These native bees are, collectively, over 90% efficient at flower pollination whereas honey bees are only 70% efficient. Many native bees have evolved very specific relationships with native plants – in some cases, the absence of one leads to the absence of the other. The more bees of all species we have pollinating, the higher the fruit yield, the better the quality, and the longer the shelf life at grocery stores (I’m especially thinking about produce like strawberries that require a diversity of pollinators to set fruit). 

The Xerces Society has recently begun a pilot program on about 100 acres of almond groves in California, planting the edges with native hedgerows and underplanting the trees in a meadow of wildlfowers – the goal is to end the dependence on honey bees, reduce water consumption, and mitigate the need to spray for pests. We should also look to the Prairie STRIPs program at the Leopold Center for Sustainable Agriculture.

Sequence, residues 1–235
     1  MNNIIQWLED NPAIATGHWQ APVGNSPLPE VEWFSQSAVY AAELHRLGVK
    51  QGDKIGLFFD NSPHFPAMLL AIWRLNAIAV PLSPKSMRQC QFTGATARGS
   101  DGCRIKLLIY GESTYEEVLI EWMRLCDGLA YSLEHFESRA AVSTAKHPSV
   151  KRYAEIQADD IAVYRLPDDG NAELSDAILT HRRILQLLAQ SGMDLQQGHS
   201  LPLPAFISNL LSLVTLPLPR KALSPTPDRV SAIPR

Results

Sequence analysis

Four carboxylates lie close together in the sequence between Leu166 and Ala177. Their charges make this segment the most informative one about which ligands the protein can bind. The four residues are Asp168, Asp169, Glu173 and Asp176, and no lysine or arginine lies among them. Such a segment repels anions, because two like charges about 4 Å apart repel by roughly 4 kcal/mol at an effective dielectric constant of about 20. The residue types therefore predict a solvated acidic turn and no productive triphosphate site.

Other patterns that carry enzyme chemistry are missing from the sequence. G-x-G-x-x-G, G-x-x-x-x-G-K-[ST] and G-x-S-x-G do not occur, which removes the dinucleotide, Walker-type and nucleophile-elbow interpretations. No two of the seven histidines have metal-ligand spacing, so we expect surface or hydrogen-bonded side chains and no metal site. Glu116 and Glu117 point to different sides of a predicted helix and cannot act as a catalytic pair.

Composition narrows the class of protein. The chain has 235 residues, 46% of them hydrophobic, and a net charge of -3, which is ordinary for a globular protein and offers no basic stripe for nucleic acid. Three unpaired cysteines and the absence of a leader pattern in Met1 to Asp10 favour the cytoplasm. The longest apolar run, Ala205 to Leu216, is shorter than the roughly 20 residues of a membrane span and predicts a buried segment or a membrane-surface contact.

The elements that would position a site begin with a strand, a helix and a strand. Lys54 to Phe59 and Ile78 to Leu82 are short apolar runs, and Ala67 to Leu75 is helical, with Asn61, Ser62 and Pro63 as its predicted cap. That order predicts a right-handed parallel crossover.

Here in Nebraska, and Lincoln specifically, I’d love to see us become the prairie capitol of the nation: prairie along road edges following the lead of New Mexico and Iowa, native plants in our garden beds and in the new pedestrian mall downtown, and one side of the state building in designed prairie gardens vs. a desert of lawn. Our lives, and the lives of other species, may depend upon a new landscape aesthetic that incorporates both human concepts of beauty and unseen ecological function that supports native bees, monarch butterflies, and far more; what we need is a beauty that extends to species beyond our own.

Tuesday, June 16, 2015

The Art of Selfless Garden Design